SAFE Act: Lack of Traditional Mortgage Experience Could Hurt Reverse Lenders

While many reverse mortgage lenders have had success hiring loan officers with no “forward” mortgage lending experience, several people tell RMD that those with little traditional mortgage experience will have a hard time passing the national SAFE Act exam.

Under the SAFE Act, all loan originators must be registered with the Nationwide Mortgage Licensing System & Registry (NMLS) and have 20 hours of pre-licensing education credits as well as 8 hours of continuing education annually thereafter.

Over 10,000 originators have already taken the National Test Component and the results haven’t been good.  According to data from the Conference of State Bank Supervisors, 3 out of every 10 loan originators who have taken the national exam required under the SAFE Act have failed.

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RMD spoke with several originators who have already taken the test and each is worried that employees who only have reverse mortgage experience won’t pass.

"The national exam includes questions a reverse mortgage originator without  traditional experience wouldn’t typically know," said Jack Belles, President of Reverse Mortgages of New England.  He was the first person in his office to take the exam and while passing, he is stressing to his employees the importance of studying.

Bancroft, EVP of Security One Lending agrees, telling RMD that “It’s one of the most difficult tests I’ve taken in the mortgage industry and I think people will fail because they’re taking it too lightly.”

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  • If anyone who expected the exam to be different does not understand the nature of the industry. For the purpose of licensing, there is no legal difference between a licensee who does reverse mortgages only and any other originator in the broader mortgage industry.

    The same problem has existed for reverse mortgage originators in Oregon for years. It is an exam designed to test the knowledge of forward mortgage originators, period. Reverse mortgage originators are not even an after thought.

    Our sector of the industry is but a drop in Lake Michigan compared to the mortgage industry as a whole. The main problems in the economy and the mortgage industry as a whole is almost exclusively on the forward side. So if the concern is bringing up the standard among originators, the problem is concentrated in the forward mortgage sector, and all licensees can originate almost any kind of mortgage, it is only right that there is absolutley no emphasis whatsoever on reverse mortgages. Originators should be prepared for a somewhat difficult exam designed exclusively for forward mortgage originators.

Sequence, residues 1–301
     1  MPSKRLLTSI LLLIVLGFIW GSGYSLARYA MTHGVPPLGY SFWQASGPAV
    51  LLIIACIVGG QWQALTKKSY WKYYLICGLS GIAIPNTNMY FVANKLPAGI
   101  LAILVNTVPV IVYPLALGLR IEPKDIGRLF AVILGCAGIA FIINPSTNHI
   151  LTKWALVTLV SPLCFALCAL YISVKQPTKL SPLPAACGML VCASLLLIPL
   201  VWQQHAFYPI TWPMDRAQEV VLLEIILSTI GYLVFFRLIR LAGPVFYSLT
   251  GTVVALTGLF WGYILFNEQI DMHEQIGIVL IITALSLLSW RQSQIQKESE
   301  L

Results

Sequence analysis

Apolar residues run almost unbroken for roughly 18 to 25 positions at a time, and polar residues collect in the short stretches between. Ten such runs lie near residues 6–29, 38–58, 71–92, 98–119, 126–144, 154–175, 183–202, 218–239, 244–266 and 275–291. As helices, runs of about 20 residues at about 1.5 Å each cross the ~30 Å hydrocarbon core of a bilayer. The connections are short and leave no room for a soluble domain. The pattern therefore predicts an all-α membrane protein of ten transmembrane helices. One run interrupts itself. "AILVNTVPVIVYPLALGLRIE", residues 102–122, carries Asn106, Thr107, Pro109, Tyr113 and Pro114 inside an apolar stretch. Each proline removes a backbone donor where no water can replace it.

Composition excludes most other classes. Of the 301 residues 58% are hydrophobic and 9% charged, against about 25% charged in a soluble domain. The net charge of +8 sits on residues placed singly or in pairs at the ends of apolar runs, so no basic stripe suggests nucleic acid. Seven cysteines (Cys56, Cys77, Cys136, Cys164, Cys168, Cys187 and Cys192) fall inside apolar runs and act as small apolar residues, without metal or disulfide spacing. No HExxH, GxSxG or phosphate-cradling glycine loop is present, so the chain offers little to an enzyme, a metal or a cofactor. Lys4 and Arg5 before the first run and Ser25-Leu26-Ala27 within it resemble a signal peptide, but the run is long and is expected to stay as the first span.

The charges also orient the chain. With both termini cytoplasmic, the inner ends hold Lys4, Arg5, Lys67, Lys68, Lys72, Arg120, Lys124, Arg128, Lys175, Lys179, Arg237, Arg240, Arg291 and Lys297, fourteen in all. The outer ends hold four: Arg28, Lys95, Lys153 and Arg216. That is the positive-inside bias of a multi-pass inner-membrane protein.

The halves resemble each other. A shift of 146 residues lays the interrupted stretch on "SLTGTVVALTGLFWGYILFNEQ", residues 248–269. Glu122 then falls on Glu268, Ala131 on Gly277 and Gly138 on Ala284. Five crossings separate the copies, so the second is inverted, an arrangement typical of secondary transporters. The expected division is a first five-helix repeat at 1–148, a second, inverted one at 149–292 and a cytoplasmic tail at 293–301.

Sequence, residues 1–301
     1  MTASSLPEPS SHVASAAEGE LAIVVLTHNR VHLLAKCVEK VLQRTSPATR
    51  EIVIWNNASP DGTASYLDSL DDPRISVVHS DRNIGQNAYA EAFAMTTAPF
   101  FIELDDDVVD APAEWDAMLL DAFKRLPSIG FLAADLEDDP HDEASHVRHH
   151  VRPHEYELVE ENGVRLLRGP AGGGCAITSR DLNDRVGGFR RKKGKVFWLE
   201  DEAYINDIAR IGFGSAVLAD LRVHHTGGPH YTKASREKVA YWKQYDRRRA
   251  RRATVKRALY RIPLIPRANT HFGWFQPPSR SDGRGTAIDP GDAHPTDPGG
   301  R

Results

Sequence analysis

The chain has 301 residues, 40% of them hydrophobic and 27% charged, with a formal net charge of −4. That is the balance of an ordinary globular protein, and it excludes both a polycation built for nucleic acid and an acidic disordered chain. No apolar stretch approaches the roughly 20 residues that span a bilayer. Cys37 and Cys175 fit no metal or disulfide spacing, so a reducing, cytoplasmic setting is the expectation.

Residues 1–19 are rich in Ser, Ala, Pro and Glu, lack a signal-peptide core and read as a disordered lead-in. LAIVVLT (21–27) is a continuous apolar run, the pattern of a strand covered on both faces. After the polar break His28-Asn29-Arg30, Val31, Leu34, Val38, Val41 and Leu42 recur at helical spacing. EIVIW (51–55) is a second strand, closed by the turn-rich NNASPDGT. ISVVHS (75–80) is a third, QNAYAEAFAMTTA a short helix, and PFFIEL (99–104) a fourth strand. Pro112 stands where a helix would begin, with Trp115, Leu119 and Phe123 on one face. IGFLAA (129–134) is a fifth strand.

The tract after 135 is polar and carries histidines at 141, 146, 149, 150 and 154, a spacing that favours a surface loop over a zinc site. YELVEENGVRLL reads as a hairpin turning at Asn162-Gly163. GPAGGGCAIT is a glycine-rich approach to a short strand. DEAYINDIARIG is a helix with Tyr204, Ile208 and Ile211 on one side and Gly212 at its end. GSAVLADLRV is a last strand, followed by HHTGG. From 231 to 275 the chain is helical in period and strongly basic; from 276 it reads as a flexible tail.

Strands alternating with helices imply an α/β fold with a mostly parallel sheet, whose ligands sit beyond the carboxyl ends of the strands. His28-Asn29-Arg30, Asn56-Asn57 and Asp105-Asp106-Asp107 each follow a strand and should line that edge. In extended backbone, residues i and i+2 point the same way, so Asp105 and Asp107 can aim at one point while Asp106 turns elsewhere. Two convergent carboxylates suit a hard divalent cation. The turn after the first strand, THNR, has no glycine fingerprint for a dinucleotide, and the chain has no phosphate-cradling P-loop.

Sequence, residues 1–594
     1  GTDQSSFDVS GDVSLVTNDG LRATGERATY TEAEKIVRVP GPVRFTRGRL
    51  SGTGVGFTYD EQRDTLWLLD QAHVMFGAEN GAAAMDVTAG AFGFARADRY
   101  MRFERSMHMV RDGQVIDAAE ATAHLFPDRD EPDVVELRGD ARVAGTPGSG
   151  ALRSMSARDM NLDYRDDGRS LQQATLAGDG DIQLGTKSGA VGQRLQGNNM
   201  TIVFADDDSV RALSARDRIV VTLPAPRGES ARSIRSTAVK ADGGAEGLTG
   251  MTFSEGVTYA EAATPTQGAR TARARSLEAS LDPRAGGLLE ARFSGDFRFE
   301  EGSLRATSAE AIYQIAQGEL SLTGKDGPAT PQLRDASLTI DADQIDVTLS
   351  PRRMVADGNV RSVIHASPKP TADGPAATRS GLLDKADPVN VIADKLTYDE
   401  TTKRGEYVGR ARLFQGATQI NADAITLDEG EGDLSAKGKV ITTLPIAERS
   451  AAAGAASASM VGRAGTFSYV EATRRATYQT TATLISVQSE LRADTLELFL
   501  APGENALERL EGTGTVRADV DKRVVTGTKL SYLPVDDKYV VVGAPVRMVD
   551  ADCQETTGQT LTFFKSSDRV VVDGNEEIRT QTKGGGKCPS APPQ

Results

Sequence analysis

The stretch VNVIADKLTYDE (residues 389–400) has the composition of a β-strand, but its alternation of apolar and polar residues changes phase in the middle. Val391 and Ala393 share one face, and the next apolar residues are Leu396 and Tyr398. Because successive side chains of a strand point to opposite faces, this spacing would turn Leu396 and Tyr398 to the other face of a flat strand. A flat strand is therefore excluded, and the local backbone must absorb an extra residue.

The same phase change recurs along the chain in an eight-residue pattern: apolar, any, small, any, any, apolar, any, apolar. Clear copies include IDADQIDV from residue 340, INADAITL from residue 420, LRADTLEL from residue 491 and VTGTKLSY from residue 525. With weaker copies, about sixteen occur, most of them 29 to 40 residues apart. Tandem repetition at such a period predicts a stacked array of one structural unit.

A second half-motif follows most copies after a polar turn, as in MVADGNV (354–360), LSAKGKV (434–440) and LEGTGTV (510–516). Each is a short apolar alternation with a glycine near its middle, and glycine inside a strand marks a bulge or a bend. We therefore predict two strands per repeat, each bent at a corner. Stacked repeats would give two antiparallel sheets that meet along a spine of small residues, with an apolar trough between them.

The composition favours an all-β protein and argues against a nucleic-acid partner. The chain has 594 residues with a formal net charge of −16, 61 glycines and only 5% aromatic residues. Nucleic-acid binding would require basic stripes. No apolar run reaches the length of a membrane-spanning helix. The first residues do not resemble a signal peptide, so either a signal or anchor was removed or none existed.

All lenders should be prepared to experience a much higher failure rate from reverse mortgage originators, especially from those who have only originated reverse mortgages. Reverse mortgage lenders should be aware of this potential problem and helping their reverse mortgage originators find the help they will need.

  • I have read the critic and agree with his comment, I would like to add that they could choose to do licensing like other profesions and certify by testing for specific fileds.

    Insurance agents get licensed for specific areas (life, health, property, annuites, etc…)

    Securites brokers get licensed for specific areas (general, options, mutual funds only, fin op, etc…)

    Even attorney's get certified in specfic area of practice (family, corporate, estate, divorce, etc…)

    So why should this licensing be a one size fits all? Wouldn't a client be better servevd if there was testing for that area that the client was interested in? Wouldn't that help to give better service in all areas?

  • Until Bank employee FHA HECM loan originators have to be licensed as well, why would any loan originator work for a mortgage broker.? Damn,
    I hate double standards: Where is George Orwell we need him most–“Some
    animals are more equal than others.”

  • It makes absolutely no sense to exempt bank employees from mortgage licensing requirements. Bank employees are required to be licensed in other areas, like securities for example. Why wouldn't mortgages be the same, especially after what we just experienced?

    • It is like the old saying went about baseball: “Put on pinstripes and suddenly you are a great baseball player.” Get on the stage coach or ride the blimp with Snoopy and you will not need a mortgage license. I guess people like you and me just plain don't get it.

      • I rode the RM stage coach 4 years, got off 4 years ago now. Employees there are no better suited for this type of work, or more knowledgeable, than others. Actually, being a broker requires a higher level of knowledge and skill since there is no name to hide behind.

      • Lance,

        I could not agree with you more. But please do not say that where Ken Kanady can hear you.

        In 2004 I first “learned” about proprietary reverse mortgages from a stage coach reverse mortgage sales manager and walked away understanding less about HECMs and proprietary reverse mortgages as a result. It is interesting how far “wearing pinstripes” (or in this case, riding on board of a stage coach) can take a person.

      • There are of course many fine people there, Ken being one of them! I did enjoy my time there.

      • Some of the best of the industry are at the national banks but that should not exempt them from the exam.